The results of the uniaxial compressive tests are provided in Table 3 and Figure 4, where E = initial compressive elastic modulus; E2 = compressive post-yield modulus; rsf = compressive post-yield modulus ratio; Fsfy = compressive yield load of the SFCB; σsfy = compressive yield stress of the SFCB; Fsfu = ultimate compressive load of the SFCB; σsfu = ultimate compressive stress of the SFCB; Fsu = ultimate compressive load of the ISB; σsu = ultimate compressive stress of the ISB; SFCB-C-4-1 indicates the first SFCB specimen (λeq = 4) under uniaxial compressive loading; ISB-C-8-2 indicates the second ISB specimen (length is equal to that of SFCB-C-8-2) under uniaxial compressive loading; ISB-C-4-mean indicates the mean value curve of four ISB specimens (length is equal to that of SFCB-C-4) under uniaxial compressive loading, as shown in Figure 4a. The average strain in Figure 4 refers to the macroscopic compressive mean strain, which equaled the displacement obtained by the LVDT sensor, as shown in Figure 2b, divided by the length of each specimen.
Due to the different compressive characteristics (Figure 4a–f), the compressive process can be classified into three categories in accordance with the different slenderness ratios, i.e., λeq ≤ 12, 12 < λeq ≤ 20, and λeq > 20, corresponding to the three failure modes, which are post-yield buckling (PYB), yield buckling (YB), and axial compressive buckling (ACB), respectively (Figure 5).
When λeq ≤ 12, the compressive process of the SFCB can be divided into four stages (Figure 5). Since most deformations occur in the middle cross-section of the specimen, this section can be defined as the control section (Figure 2a).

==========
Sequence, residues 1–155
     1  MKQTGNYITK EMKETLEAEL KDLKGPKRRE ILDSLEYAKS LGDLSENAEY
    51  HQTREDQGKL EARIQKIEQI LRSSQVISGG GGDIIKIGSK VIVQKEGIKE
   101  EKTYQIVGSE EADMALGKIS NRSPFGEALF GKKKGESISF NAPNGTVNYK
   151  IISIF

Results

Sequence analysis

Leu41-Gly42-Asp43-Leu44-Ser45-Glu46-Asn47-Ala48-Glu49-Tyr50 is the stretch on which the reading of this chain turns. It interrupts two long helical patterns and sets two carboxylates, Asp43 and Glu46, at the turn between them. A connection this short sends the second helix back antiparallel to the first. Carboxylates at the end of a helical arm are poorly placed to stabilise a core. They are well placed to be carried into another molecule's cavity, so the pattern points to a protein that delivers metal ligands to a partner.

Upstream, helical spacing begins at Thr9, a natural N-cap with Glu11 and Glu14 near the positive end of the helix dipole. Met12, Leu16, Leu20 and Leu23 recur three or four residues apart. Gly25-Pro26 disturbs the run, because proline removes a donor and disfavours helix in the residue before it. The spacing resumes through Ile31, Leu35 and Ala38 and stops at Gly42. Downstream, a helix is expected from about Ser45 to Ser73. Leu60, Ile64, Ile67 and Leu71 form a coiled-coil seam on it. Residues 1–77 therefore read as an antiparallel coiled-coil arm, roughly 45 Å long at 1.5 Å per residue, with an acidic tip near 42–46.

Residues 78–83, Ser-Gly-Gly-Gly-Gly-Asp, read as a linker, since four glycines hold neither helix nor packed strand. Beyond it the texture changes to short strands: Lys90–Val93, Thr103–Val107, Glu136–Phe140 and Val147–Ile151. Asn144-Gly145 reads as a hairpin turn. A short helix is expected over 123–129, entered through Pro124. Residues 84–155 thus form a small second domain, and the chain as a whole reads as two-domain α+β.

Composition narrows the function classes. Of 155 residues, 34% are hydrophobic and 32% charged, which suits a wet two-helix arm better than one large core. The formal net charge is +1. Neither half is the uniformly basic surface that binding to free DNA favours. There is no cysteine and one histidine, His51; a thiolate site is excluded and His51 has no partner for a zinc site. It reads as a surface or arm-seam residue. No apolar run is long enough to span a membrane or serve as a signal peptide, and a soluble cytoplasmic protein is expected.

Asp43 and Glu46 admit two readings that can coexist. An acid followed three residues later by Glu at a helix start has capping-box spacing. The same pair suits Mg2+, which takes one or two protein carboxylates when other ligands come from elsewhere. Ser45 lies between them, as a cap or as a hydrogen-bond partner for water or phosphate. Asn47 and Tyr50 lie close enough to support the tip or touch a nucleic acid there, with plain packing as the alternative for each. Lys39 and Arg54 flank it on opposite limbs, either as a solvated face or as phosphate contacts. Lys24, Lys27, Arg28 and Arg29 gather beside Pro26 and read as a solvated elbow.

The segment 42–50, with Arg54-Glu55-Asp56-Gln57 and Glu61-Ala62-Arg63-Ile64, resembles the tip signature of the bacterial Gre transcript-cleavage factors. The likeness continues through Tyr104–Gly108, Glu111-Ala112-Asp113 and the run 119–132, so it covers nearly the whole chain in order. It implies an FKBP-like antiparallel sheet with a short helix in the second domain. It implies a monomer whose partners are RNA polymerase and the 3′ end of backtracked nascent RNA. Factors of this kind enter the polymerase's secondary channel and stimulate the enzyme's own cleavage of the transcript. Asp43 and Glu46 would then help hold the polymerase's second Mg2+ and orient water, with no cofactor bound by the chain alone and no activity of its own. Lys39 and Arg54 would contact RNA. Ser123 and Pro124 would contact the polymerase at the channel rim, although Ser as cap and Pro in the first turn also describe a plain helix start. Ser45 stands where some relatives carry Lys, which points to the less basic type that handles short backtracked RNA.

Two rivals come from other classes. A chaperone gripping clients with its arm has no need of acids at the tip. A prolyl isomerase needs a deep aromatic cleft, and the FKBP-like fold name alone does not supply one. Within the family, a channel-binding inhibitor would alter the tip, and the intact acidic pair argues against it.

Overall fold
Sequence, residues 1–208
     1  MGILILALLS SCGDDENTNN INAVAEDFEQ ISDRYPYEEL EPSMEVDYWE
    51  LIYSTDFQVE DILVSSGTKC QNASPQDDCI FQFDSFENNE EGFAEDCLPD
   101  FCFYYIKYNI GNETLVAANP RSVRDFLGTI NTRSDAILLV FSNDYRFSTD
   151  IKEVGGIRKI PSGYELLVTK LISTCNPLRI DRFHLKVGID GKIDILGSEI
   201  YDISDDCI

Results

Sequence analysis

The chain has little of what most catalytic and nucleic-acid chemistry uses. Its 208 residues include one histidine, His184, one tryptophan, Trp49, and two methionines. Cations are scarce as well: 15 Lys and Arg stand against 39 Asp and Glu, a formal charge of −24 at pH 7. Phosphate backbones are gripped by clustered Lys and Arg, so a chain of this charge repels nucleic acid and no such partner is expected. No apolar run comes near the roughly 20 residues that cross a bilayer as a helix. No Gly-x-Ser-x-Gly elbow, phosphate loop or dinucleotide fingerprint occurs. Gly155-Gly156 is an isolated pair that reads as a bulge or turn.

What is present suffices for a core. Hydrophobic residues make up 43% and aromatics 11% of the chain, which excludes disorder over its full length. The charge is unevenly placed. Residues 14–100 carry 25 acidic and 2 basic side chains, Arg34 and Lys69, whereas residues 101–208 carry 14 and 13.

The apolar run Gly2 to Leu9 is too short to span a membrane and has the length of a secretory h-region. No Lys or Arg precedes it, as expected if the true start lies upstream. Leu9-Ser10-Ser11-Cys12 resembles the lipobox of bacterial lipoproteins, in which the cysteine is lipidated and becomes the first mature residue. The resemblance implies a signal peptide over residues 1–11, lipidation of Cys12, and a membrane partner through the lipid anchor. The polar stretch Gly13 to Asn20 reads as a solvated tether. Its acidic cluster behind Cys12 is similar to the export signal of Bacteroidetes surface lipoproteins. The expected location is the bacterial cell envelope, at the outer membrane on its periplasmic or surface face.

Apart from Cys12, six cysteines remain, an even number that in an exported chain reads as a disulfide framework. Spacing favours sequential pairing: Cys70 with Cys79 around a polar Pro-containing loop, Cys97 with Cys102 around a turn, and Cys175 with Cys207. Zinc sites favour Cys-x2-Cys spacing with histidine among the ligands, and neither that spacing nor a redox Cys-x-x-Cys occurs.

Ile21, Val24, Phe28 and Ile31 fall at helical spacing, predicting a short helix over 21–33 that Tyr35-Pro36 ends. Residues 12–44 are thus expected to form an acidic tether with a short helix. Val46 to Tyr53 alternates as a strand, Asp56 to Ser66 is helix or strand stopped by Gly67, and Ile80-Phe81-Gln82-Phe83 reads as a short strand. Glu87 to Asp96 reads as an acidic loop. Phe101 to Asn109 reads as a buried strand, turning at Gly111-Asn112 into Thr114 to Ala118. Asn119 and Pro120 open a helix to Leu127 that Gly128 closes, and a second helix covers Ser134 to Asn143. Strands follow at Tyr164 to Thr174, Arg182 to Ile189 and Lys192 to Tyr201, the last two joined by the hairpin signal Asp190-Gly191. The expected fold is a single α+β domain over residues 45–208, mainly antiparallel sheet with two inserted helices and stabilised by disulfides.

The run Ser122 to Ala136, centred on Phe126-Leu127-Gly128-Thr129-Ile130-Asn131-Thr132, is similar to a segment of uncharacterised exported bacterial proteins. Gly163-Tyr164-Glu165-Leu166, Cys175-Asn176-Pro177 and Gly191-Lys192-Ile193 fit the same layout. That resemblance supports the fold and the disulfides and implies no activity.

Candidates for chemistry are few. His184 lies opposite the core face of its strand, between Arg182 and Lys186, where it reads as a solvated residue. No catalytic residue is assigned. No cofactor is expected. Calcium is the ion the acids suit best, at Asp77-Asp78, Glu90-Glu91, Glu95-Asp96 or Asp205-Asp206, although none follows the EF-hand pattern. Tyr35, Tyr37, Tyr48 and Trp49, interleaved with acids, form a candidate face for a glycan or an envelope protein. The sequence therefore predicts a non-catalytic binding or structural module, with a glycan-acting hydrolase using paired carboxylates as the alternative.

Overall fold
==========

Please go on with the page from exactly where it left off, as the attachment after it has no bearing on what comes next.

I: Axial compression stage. At the beginning of compression, all specimen cross-sections were under axial compression, and the load-strain curve rose rapidly. With an increase in the strain, a lateral deformation occurred at the control section. Then, the stress condition of the control section gradually transformed from axial compression to eccentric compression, which resulted in a slight decrease in the compressive stiffness (the slope of the load-strain curve) (‘OA’ in Figure 5).
II: Plastic softening stage. Due to the developing lateral deformation, the inner steel section began to yield. The expansion of the yield area resulted in a further decrease in the compressive stiffness and, consequently, resulted in a significant softening stage on the load-strain curve (‘AB’ in Figure 5).
III: Post-yield stiffness stage. With a further expansion of the yield area, nearly the entire inner steel section yielded, and the compressive stiffness of the SFCB was primarily provided by the FRP. Consequently, the compressive stiffness tended to be stable, and the load increased linearly with the strain (‘BC’ in Figure 5). The designable post-yield stiffness stage distinguishes the SFCB from the traditional steel bars by considerably reducing the residual displacement of concrete structures in earthquakes and improving their repairability.